Override of governor’s veto could help complete trail connecting Omaha, Lincoln
OMAHA, Neb. (WOWT) - After receiving the new state budget bill from the Unicameral, Governor Pete Ricketts shaved just over $51 million in spending from the bill through line-item vetoes.
Within those cuts, Ricketts slashed in half the $8.3 million that was approved by legislators to help complete the MoPac trail, a bike trail that would connect Omaha and Lincoln. The governor said, “The business case for this project showed significant economic development tied to the completion of this trail, but private funding must be a part of the solution to balance the substantial pledge of taxpayer dollars.”
The item was introduced by west Omaha State Senator Robert Hilkemann, an avid bicyclist himself.
“When you develop those trails well, the impact they have for tourism is huge,” he tells 6 News.
Hilkemann says the biking community in eastern Nebraska has wanted the MoPac trail to be completed for years.
“When we get that completed, that’s going to be a very popular ride for riders from Lincoln to Omaha, Omaha to Lincoln, they’ll love that trail.”
Right now, the trail runs from west Omaha to South Bend and crosses the Platte River via the Lied pedestrian bridge, which was repaired last summer following the 2019 flooding.
“You can get over the river and then the trail stops. There’s an 8-mile gap and then it picks up again in what used to be Wabash, it’s this tiny little burg, unincorporated spot, and then it goes from Wabash into Elmwood, Eagle, Lincoln,” says Julie Harris, the executive director of Bike Walk Nebraska.
Senator Hilkemann knows the price of the project is steep.
“I will admit it’s very expensive, the reason it hasn’t been done with volunteer donations and so forth, it’s a drainage issue that’s very costly,” he says.
Hilkemann is thankful that the governor didn’t completely shelf the project but says that the $4 million will likely only cover the cost of repairing the drainage issue in the area where the trail isn’t built. That money wouldn’t cover the cost of the trail’s actual construction.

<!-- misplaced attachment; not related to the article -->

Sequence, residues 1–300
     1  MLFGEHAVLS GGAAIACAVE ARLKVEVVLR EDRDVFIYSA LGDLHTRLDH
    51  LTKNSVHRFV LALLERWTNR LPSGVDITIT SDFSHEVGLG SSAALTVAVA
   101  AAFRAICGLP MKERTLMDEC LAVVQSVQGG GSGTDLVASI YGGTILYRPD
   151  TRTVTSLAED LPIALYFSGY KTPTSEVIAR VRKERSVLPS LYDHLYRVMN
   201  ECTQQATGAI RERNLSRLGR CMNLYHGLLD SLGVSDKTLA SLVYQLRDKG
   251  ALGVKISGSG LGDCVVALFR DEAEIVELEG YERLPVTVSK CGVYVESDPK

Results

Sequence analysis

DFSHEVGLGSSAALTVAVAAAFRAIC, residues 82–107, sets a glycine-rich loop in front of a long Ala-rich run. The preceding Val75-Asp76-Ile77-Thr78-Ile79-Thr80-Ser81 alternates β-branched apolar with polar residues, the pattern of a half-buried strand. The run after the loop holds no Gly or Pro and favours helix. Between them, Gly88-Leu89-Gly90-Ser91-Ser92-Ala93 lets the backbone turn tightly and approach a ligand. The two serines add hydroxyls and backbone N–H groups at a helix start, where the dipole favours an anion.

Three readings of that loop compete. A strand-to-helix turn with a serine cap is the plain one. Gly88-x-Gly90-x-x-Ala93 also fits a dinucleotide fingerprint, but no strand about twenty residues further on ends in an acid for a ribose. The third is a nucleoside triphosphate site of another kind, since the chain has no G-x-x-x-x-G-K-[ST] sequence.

It’s more than just completing a trail, Hilkemann and Harris say. By finishing the trail, it will mean more growth, especially for small towns along the way.
“Connecting our two largest cities with a completely off-road trail would be huge,” Harris adds. “We know that bicycle tourism really spurs a lot of economic impact.”
“All along that area it’s going to develop, there’s going to be small restaurants, down the line there will be bed and breakfasts that might develop,” Hilkemann adds. “This will become a big economic factor for the state of Nebraska particularly for cyclists, those hiking and things of that sort, there will be a lot of development that will go along those trails.”
“All these tiny communities, to be able to get people to come in on their bikes, stopping, grabbing a beverage getting some lunch, whatever it might be, staying overnight, the economic impact is really really going to be felt the most in Cass county,” Harris says.
By completing the trail, it will also provide access to other regional and national trails.
“In the regional bigger picture, getting this 8-mile segment done will connect 260 miles from end to end, from Kansas all the way up, over and back down into Iowa,” Harris says.
The national Rails-to-Trails campaign would also use the completed trail to pass through the state of Nebraska. The trail would connect Washington D.C. to Washington state.
“Not only would getting the length between Lincoln and Omaha be a wonderful thing for the community, the greater thing is that the national plan for the Rail-to-Trail will take it right through Nebraska!”
An override vote of the governor’s veto will take place on Thursday, Hilkemann says.
If there are enough votes, the bill could be granted the full $8.3 million to complete the trail and repair the drainage issues.
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